English-language learners don’t have adequate access to the core instructional program in the public schools of Buffalo, N.Y., concludes the Council of the Great City Schools in an audit of the district’s ELL programs.
“For the most part, ELLs were often separately served or were served in a way that did not build academic vocabulary, comprehension skills, or English-language-acquisition skills,” write the authors of the report. See an article published today by the Buffalo News about the report (hat tip to GothamSchools).
The report says that the school district has made strong academic progress across the board, but adds that “this report is how an otherwise well-articulated academic program that is showing strong overall gains can miss students who are learning English as a second language.”
The authors of the report say they were very impressed with the district’s director of multilingual education, who was hired in 2006. At the same time, they say that many staff members across the district don’t take responsibility for the education of ELLs and have low expectations for such students.
The report characterizes academic-proficiency rates for ELLs in the district as “very low,” saying the achievement appears to be about the same as for students with disabilities.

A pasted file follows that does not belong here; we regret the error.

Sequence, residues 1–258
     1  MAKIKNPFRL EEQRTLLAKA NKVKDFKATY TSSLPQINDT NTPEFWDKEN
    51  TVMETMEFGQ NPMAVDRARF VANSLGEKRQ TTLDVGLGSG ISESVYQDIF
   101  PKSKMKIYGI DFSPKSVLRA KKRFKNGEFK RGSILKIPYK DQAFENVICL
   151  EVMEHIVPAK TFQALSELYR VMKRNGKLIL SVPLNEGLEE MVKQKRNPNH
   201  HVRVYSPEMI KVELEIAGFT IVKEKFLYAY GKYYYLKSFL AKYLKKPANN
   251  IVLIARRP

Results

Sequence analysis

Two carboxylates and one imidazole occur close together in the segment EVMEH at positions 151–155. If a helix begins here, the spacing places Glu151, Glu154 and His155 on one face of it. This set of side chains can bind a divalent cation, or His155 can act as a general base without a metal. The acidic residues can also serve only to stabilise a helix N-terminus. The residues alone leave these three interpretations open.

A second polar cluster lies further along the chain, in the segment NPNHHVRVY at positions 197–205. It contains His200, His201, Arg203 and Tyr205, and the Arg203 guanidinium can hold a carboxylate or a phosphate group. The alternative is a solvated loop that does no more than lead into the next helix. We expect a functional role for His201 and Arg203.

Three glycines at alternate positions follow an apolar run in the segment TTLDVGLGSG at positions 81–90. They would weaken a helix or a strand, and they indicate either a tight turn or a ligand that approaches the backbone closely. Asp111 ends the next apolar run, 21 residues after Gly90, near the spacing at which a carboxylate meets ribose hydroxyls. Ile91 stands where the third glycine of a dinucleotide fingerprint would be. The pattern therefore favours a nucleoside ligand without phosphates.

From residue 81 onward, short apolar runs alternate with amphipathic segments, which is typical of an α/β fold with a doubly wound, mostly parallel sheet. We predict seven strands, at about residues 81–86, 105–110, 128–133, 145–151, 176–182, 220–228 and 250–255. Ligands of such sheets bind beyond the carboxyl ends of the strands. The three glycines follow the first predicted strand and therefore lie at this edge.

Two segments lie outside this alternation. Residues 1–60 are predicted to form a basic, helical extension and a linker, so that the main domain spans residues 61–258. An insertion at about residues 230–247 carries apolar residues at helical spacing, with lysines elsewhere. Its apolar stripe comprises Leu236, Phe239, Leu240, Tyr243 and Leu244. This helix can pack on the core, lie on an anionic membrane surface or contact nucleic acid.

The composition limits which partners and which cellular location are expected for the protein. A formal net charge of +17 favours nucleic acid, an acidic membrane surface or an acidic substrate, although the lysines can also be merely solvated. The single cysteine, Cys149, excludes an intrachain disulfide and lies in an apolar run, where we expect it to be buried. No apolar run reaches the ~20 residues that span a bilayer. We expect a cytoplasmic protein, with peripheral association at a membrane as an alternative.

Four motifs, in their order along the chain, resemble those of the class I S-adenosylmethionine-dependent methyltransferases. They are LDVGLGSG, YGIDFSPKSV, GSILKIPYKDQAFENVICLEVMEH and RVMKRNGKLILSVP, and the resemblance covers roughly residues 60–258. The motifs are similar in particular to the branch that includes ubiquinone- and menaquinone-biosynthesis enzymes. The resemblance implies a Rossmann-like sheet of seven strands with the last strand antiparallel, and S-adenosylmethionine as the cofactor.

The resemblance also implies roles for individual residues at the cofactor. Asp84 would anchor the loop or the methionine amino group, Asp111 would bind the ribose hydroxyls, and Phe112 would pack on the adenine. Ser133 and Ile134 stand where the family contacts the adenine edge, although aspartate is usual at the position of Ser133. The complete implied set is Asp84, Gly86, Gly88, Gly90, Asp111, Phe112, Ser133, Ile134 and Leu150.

It credits the district’s superintendent, James Williams, and the Buffalo school board for requesting the audit and says both the superintendent and board are starting to ask important questions about the education of English-learners.
The council has previously found other urban school districts to have inadequate services for ELLs in similar audits. In 2008, it said Seattle’s programs needed to be overhauled. Update: In my original post, I was wrong in saying the council conducted an audit of ELL programs in Portland, Ore. State reviewers examined Portland’s ELL programs and said they needed to be improved.
The council has also published a report about four school districts it deems as doing a good job with ELLs at the elementary school level. They are Dallas, San Francisco, New York City, and St. Paul, Minn.
A version of this news article first appeared in the Learning the Language blog.